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The carotid body and superior carotid ganglion in rats express angiotensin AT1 receptors

D. Atanasova, N. Dimitrov, A. Dandov, N. Lazarov

Abstract

Introduction: The carotid body (CB) is a small, paired, neural crest-derived neuroendocrine organ that senses the oxygen level in blood and maintains homeostatic regulation in the respiratory and cardiovascular systems. It has a typical dual innervation by both sensory nerve fibers of the primary afferent neurons located in the petro­sal ganglion and by the postganglionic sympathetic nerve fibers from the superior cervical ganglion (SCG). Re­cent evidence suggests that angiotensin II acting via AT1 receptors modulates the activity of chemical substanc­es in a paracrine-autocrine manner.

Aim and Methods: The study aims at investigating the immunohistochemical localization of the AT1 receptor in the CB and SCG of intact rats and after treatment with its selective blocker losartan.

Results: We found that a population of the CB glomus cells and the vast majority of closely located SCG neurons were richly endowed with AT1 receptors while the nerve fibers supplying the CB did not express the receptor pro­tein. Our data also revealed that the intensity of immunostaining reverberating receptor protein levels was sig­nificantly decreased by losartan. In particular, its administration caused a less dense immunostaining of glomus cells in treated rats compared with the control animals treated with a vehicle. Similarly, the intensity of receptor immunostaining in the SCG neurons after losartan treatment was lower than in the ganglion cells of controls.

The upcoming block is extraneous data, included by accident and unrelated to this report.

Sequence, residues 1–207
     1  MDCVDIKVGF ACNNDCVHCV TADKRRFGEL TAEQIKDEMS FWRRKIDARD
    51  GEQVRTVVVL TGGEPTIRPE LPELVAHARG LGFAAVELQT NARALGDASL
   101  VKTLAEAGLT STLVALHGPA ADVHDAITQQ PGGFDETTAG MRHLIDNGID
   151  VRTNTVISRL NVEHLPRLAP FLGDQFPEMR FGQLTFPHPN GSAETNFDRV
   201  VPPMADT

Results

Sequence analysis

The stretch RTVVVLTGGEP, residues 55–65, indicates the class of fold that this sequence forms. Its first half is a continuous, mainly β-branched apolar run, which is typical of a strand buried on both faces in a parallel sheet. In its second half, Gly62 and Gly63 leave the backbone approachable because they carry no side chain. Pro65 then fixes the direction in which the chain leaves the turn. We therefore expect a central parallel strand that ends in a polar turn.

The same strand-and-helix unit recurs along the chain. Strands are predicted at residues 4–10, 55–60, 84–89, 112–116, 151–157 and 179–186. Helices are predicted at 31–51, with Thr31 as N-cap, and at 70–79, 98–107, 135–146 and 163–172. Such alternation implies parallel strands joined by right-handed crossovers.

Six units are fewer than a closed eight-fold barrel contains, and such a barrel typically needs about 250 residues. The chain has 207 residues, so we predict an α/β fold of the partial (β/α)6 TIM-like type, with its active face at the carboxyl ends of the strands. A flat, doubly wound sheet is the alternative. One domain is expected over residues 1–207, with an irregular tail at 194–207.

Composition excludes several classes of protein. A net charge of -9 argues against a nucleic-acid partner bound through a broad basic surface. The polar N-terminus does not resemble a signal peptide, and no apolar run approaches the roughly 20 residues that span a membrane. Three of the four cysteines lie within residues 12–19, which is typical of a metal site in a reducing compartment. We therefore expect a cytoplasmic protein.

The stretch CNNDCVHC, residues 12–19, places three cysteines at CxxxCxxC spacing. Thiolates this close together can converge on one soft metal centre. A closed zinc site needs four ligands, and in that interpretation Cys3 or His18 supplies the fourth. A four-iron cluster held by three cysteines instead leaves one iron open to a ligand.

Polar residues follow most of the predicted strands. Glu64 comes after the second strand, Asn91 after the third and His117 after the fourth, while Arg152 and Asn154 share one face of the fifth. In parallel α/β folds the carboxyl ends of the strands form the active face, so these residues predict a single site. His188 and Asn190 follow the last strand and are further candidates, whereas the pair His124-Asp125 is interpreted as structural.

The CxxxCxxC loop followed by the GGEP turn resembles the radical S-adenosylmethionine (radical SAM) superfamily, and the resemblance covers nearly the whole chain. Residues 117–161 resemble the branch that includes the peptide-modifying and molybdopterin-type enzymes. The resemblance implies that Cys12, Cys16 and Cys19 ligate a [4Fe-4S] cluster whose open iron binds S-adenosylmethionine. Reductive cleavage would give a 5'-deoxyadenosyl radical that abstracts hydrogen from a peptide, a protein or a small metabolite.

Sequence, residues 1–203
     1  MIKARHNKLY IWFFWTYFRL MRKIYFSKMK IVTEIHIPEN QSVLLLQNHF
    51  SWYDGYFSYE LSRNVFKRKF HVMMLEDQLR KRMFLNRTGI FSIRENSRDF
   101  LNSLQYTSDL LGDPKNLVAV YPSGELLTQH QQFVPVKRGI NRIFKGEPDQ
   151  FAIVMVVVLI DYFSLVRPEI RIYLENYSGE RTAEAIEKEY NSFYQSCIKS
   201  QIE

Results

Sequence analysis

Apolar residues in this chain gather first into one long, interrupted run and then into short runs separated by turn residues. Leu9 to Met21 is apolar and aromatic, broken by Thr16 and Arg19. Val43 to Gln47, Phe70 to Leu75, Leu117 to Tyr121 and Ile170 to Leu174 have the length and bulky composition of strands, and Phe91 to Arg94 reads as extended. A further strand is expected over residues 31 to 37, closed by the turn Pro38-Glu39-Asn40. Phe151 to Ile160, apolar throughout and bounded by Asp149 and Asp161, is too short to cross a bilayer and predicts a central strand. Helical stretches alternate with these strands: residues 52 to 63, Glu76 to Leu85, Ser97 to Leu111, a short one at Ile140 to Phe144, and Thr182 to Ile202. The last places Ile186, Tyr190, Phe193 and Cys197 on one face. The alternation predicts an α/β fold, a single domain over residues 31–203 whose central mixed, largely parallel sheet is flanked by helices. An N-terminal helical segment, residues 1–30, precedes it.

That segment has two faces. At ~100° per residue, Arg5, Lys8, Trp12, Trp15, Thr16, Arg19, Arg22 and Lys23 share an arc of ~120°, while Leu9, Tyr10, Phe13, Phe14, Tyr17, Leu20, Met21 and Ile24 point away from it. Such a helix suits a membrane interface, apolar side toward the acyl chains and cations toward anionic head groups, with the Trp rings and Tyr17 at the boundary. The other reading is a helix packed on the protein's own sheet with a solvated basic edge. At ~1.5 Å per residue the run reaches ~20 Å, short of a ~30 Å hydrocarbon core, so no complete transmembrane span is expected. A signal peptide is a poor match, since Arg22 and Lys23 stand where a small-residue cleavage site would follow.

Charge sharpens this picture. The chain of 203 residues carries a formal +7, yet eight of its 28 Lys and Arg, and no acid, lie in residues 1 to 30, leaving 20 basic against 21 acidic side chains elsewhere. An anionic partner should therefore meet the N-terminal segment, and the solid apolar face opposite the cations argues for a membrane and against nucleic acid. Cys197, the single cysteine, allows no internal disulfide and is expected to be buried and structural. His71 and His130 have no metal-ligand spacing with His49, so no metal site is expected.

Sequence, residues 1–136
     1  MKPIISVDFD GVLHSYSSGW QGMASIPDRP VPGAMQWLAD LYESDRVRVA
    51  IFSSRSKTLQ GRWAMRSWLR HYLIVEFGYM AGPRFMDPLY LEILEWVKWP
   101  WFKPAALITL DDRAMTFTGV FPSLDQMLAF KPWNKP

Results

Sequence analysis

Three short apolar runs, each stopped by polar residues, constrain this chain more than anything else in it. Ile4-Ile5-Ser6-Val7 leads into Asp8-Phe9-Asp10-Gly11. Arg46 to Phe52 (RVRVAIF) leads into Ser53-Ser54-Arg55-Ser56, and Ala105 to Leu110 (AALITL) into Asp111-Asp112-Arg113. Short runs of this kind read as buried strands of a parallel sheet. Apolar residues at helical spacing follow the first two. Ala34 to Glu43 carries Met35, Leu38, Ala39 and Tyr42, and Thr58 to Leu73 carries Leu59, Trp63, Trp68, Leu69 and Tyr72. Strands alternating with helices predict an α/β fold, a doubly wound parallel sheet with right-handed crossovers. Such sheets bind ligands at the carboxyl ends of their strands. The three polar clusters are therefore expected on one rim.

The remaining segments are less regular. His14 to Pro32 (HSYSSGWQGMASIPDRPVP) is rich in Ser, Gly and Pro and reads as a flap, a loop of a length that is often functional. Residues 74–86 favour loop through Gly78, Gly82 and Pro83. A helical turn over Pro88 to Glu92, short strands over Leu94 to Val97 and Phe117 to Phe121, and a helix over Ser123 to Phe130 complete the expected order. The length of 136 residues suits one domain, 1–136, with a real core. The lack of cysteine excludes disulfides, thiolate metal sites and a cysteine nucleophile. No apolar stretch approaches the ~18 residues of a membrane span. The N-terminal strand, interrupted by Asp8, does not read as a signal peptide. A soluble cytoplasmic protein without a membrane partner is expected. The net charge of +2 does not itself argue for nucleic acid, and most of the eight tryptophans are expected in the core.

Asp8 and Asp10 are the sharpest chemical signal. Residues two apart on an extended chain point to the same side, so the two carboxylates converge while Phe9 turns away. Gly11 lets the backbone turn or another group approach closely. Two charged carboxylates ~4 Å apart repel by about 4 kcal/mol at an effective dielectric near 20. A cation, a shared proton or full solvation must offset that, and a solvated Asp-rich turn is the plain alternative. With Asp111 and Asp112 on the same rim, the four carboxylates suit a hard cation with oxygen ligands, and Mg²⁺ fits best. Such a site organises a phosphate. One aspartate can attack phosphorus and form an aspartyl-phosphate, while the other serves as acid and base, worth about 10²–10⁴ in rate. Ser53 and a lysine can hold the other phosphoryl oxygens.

Conclusion: It can be inferred that angiotensin II acting via AT1 receptor activation is involved in CB excitation under normoxic conditions. Understanding the principles by which AT1 receptor activation amplifies CB chemo­sensory reactivity to oxygen would provide insights in the pathophysiology of certain hypoxemia-related disor­ders.

Acknowledgments: This work was supported by the Medical University of Sofia, Bulgaria (grant No. 14/2016)





DOI: http://dx.doi.org/10.14748/ssm.v49i0.4845

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About The Authors

D. Atanasova
BAS
Bulgaria

Institute of Neurobiology/ Trakia University, Bulgaria

N. Dimitrov
BAS
Bulgaria

Institute of Neurobiology/ Trakia University, Bulgaria

A. Dandov
BAS
Bulgaria

Institute of Neurobiology/ Trakia University, Bulgaria

N. Lazarov
BAS
Bulgaria

Institute of Neurobiology/ Trakia University, Bulgaria

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